There has been a disappointing response from the Race Relations Commissioner in relation to complaints made by members of the public about the a seven-part series published by the NZ Herald - “Land of the Long White Cloud – confronting NZ’s colonial past”. The commission has turned a blind eye to the series’ negative effect on race relations, instead lamely suggesting the correspondent contact the Media Council, or complain to the independent Human Rights Review Tribunal. Please see below a typical response received by a member of the public:
As the Human Rights Commission’s stated intention is to promote positive race relations, the Justice Minister Andrew Little needs to hear about this less than satisfactory response. If you received one such letter, please contact Minister Little at: firstname.lastname@example.org
NZ On Air was the principal sponsor of this series, backing it with $140,000 of taxpayer funds. Why they felt moved to do so deserves an answer - we have every right to demand an explanation. Send your questions the Chief Executive of NZ On Air, Jane Wrightson, and the Acting Head of Funding, Benedict Reid. Contact details are available HERE. Please click HERE for a list of the NZ on Air board members.
More taxpayer funds being used to foster hatred and division:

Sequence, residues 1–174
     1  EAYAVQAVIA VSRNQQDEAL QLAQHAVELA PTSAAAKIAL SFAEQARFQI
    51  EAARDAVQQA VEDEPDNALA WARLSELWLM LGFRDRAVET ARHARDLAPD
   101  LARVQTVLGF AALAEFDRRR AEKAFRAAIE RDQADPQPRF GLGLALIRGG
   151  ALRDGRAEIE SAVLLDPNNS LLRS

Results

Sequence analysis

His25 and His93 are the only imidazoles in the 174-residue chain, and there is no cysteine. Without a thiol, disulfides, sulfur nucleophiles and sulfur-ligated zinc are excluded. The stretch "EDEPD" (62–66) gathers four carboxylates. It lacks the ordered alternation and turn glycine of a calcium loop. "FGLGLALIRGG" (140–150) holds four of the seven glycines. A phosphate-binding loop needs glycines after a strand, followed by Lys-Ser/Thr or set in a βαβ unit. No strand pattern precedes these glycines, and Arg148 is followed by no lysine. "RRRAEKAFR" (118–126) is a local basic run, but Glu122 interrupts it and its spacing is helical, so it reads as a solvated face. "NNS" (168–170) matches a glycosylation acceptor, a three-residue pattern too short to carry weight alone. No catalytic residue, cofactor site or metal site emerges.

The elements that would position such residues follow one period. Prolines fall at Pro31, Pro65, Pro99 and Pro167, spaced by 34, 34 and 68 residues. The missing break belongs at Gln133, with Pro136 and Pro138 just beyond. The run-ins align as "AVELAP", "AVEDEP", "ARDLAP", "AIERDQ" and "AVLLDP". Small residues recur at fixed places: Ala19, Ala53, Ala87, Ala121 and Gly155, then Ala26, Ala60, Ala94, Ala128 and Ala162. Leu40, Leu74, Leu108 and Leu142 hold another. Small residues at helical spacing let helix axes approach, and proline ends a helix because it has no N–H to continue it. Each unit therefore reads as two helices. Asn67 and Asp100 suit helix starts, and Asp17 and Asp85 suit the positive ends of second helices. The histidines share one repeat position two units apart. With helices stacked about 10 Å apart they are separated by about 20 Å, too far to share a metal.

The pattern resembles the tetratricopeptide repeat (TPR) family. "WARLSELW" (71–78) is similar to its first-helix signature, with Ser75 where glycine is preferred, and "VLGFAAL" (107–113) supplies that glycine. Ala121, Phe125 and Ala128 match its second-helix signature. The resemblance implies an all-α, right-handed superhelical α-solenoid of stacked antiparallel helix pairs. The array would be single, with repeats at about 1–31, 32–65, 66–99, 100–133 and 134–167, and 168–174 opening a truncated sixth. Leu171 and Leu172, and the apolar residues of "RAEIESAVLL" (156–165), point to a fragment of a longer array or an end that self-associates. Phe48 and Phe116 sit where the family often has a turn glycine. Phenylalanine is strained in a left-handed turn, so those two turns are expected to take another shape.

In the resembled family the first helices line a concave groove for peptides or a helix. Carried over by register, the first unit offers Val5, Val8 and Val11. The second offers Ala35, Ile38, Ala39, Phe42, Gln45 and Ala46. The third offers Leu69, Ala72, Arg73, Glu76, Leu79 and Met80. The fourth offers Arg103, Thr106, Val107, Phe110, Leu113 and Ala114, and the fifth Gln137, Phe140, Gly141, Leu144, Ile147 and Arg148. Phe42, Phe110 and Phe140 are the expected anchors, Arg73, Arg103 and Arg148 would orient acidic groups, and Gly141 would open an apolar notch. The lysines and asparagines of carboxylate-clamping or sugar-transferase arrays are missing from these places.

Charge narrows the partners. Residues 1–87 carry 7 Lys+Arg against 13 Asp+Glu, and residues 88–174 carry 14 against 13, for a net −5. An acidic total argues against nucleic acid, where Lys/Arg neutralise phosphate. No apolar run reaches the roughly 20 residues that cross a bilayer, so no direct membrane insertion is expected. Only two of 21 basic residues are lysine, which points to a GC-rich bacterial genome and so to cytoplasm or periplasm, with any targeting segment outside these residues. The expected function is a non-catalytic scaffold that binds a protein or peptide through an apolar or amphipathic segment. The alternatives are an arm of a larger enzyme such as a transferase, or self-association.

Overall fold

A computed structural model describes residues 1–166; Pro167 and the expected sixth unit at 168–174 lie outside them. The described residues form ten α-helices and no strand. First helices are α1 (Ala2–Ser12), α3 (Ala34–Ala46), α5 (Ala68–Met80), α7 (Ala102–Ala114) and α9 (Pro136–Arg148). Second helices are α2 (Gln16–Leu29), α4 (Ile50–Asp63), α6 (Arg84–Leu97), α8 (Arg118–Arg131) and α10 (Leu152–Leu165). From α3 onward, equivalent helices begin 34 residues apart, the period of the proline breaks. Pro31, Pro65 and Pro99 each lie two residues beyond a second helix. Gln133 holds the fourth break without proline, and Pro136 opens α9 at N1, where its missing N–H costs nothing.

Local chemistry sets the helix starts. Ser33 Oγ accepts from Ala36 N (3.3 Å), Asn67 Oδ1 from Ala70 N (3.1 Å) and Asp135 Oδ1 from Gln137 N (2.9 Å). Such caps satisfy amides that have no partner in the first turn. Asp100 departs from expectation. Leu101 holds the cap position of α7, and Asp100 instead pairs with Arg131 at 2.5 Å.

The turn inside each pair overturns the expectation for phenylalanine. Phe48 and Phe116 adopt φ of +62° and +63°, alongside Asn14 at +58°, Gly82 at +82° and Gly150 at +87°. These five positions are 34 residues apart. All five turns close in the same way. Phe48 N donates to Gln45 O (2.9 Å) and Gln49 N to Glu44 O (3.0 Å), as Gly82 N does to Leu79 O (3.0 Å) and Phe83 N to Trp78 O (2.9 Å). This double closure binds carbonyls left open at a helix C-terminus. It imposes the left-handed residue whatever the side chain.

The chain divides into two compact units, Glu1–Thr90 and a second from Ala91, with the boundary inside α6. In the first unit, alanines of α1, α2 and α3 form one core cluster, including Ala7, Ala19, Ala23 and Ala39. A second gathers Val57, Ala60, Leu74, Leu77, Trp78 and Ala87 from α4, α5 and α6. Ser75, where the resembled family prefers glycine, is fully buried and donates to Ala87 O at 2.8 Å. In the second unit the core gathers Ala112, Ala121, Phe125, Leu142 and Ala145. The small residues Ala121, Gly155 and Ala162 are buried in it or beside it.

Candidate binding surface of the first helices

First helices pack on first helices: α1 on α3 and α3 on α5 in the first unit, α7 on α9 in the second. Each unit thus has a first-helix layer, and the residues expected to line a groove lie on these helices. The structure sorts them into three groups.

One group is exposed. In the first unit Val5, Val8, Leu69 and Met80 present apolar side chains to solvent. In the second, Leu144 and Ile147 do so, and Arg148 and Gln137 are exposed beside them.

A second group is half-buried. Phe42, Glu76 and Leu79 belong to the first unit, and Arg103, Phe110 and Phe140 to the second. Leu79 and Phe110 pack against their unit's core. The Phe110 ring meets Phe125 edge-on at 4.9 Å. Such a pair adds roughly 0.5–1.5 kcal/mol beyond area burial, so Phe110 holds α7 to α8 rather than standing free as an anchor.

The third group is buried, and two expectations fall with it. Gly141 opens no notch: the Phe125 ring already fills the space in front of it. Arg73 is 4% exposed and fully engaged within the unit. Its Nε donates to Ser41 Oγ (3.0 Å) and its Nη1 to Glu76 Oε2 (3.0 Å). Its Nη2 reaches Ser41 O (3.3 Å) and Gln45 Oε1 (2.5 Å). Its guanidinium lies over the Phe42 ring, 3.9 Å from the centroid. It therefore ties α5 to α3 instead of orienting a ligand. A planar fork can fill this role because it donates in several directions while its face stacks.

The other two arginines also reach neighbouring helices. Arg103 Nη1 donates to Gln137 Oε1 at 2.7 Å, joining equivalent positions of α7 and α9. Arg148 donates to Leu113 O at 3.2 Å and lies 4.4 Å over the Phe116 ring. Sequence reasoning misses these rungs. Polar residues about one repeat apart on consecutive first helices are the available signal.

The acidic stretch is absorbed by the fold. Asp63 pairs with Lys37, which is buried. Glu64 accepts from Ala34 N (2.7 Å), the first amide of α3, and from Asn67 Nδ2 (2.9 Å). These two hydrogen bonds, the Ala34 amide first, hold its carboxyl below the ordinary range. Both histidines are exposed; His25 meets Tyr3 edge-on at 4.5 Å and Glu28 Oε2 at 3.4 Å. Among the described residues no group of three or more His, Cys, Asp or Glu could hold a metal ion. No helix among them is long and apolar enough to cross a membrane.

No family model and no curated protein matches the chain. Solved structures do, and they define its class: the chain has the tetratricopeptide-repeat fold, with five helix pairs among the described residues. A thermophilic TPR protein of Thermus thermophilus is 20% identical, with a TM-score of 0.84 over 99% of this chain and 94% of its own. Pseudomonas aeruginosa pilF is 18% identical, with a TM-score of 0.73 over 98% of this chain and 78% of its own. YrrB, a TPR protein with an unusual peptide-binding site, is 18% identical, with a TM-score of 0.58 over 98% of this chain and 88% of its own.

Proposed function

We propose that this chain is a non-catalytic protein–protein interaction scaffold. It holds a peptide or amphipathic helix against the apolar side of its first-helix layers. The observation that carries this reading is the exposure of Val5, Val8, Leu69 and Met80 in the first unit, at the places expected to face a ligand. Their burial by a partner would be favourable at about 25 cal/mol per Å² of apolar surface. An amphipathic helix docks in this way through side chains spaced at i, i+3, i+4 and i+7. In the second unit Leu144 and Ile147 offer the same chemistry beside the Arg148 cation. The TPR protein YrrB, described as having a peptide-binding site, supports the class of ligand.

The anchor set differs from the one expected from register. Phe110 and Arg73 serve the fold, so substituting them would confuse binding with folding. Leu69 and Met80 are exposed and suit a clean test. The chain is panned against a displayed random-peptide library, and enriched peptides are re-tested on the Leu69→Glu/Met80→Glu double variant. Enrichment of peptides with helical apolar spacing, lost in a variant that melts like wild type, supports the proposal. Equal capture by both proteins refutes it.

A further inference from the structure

“Wouldn’t it be interesting if settlers and now Pākehā could own [our history], and say ‘You know what? We stole this land. We stole the land where my house is sitting on. We stole these resources - these rivers, lakes, oceans”
So says Arini Loader, Victoria University of Wellington history lecturer, in ‘Restoring the Imbalance of Maori Perspectives in Aotearoa’s History’. This is an excerpt from one of over 20 episodes of ‘Rediscovering Aotearoa – a decolonisation series, which is sponsored by the taxpayer through Radio NZ. They are available at news blog ‘Re:’ To view please click HERE. (‘Re’ promotes itself as NZ’s alternate news voice).
It would be interesting to know why Radio NZ believes sponsoring this series is “a fair and appropriate use of public funds”. To find out, send a ‘please explain’ letter to the CEO and editor-in-chief, Paul Thompson – email: email@example.com
You could also contact the Minister of Broadcasting, Communications and Digital Media to voice your concern: Minister Kris Faafoi – email firstname.lastname@example.org